Ben-my-Chree lV 1927

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Ben-my-Chree lV 1927

Post by shipstamps » Sun Sep 21, 2008 6:23 pm

This twin-screw turbine steamer of 2,586 tons was launched in 1927. She served as a troop transport during the Second World War and also carried out three successful rescue missions to Dunkirk. On D-Day she was part of the invasion fleet to Normandy. After the war she was returned to the Company and remained in service until 1965.
SG174 606 IOM Post Office.

A veteran of the Dunkirk operation in which she rescued over 4,000 troops, the Ben-my-Chree IV worked as a transport vessel plying between the northern ports of Britain and Iceland. Then because of her reputation as a good sea boat and her ability to be extremely stable even in the roughest of waters, she was later fined out as an LSl (H), capable of carrying six landing craft. On the first day of D-Day she was involved in the landing of the US Army and US Rangers onto the OMAHA BEACH.
After that, she was used as the Headquarters ship for the 514th Assault Flotilla.

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Re: Ben-my-Chree lV

Post by aukepalmhof » Wed Oct 03, 2012 8:09 pm

Built as a passenger-ferry under yard No 926 by Cammell, Laird & CO, Birkenhead for the Isle of Man Steam Packet Co.
05 April 1927 launched as the BEN-MY-CHREE (VI)
Tonnage 2,586 gross, 1823 net, 1,043 dwt., dim. 355 x 46.1 x 17.4ft.
Powered by four steam turbines, manufactured by builder, 1,745 nhp, twin screws, speed 22 knots.
Accommodation for 2,000 passengers.
June 1927 completed. The builders reported a direct loss of £17,000 on the building of the ship, due to a long coal strike and steel had been bought at a premium from the European continent.

She was the first vessel built for the company after World War I, and she set the pattern for all the larger ships in the company to have just one funnel.
29 June 1927 maiden voyage.
During the summer was she used in the early morning sailing from Liverpool to Douglas, returning in the evening.
During the early 1930s was the hull painted white as seen on the 13p stamp, but after the war painted black again.
During World War II, she left Liverpool on 10 September 1939 for the Bristol Channel for troopship service to Quiberon Bay in France.
24 September she sailed in this service for the first time from Newport, later that year in December used in the Cross Channel troop service from Southampton to Le Havre of Nantes.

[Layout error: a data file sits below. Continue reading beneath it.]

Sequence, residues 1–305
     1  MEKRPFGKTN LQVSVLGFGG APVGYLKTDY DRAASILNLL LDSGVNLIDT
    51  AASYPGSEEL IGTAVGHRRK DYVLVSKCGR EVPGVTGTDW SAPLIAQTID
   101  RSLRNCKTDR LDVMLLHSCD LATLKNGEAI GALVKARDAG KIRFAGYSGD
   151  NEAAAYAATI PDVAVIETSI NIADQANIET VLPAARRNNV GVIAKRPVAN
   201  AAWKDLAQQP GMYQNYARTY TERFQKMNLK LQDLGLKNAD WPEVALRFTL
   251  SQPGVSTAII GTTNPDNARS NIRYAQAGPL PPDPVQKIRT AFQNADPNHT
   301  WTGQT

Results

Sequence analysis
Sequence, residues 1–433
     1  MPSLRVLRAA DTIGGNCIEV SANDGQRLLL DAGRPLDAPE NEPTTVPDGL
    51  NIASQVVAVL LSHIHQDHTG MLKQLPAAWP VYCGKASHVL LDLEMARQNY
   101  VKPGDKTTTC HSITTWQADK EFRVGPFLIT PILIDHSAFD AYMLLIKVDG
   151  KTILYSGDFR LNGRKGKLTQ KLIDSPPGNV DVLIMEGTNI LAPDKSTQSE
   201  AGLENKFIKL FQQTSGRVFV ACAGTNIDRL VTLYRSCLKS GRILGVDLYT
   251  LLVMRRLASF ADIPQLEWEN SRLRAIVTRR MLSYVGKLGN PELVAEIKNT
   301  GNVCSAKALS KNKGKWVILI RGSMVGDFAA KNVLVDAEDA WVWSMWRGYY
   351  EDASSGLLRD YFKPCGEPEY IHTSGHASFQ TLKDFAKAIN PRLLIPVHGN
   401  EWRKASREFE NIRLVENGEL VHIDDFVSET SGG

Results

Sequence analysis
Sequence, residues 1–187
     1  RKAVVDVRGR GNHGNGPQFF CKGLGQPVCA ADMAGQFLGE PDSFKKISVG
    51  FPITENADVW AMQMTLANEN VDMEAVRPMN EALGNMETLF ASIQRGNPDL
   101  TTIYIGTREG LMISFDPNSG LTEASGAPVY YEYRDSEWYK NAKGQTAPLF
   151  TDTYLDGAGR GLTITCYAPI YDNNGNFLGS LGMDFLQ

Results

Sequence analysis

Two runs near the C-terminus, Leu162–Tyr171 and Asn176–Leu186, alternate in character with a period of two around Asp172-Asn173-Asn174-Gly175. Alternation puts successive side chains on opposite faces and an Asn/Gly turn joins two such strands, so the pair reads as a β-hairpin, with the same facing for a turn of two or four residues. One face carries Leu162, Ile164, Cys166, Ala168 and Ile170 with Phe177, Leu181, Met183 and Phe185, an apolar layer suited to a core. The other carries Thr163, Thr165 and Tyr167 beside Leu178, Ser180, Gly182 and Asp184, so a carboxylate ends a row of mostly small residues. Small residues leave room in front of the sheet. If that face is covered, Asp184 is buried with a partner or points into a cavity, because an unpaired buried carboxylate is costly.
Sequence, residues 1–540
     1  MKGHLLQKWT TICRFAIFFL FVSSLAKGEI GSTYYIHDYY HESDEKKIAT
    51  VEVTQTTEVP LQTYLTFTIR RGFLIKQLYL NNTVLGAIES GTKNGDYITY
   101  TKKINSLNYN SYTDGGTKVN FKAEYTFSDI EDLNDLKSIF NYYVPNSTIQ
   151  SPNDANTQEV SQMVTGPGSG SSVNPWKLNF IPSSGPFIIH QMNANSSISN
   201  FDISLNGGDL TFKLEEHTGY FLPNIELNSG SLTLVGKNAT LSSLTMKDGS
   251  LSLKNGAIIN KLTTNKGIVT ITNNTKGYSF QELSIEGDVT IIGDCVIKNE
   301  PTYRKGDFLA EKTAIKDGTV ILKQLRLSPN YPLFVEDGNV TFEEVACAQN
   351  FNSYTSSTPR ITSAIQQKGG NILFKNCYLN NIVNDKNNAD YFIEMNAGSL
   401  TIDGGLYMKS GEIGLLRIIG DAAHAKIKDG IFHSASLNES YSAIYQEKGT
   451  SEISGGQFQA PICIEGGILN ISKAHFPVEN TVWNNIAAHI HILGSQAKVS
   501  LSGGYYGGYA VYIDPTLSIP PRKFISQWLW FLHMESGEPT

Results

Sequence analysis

Then she took part in Operation Dynamo the evacuation from Dunkirk.
30 May 1940 she left Southampton for her first trip from Dunkirk to Dover.
On her last voyage on 2 June in Dunkirk road she came in collision with an unknown vessel in which she sustained severe damage on her bow and bow rudder, but she made it safely to Dover.
07 June she sailed from Dover to the Mersey for repair in Birkenhead.
27 June she sailed again from Birkenhead bound for Milford Haven with the intention to use her in the troop transport between Great Britain and Ireland.
From 2 September used in the troop transport service between Aberdeen or Leith to Kirkwall and Stromness.
1941 Made also voyages from Scotland to Thornshavn, Faeroes, two months later made a voyage to Iceland.
The later part of the year used for the transport of troops, refugees and other personnel.
For the most part of 1942 and 1943 she sailed between Belfast and Fleetwood.
30 December 1943 she received orders to proceed to North Shields to be fitted out as a Landing Ship Infantry (hand hoisting).
Fitted out with six landings craft.
02 March 1944 she left the Tyne to take part in the Operation Neptune, the landing in Normandy.
05 June 1944 as part of Assault Convoy 01 she sailed from Weymouth for the Omaha Beach, after landing her troops she returned to the U.K. where after she was used as troopship to ferry troops to France and later Belgium.
She was used in this role till10 May 1946 when she sailed from Dover for an extensive refit prior to re-entering her service between Fleetwood and the Island of Man.
After 1950 only used during the summer months until 1965, after the last season laid up before she was sold to the Belgium shipbreaker Heyghem Ferres and towed to Brugge (Bruges) where she arrived on 28 December 1965 for scrapping.

Isle of Man 1980 13p sg174, scott?. 1994 4p sg606, scott? and 2004 47p sg?, scott?, she is the vessel on the right of the stamp, the other on the left is the LADY OF MAN.

Source: Island Lifeline by Connery Chappell. Short Sea: Long War by John de S. Winser.

D. v. Nieuwenhuijzen
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Re: Ben-my-Chree lV 1927

Post by D. v. Nieuwenhuijzen » Tue Jul 02, 2019 6:42 pm

Isle of Man 2019, 1 st. StG.?
ben my chree IV0004.jpg

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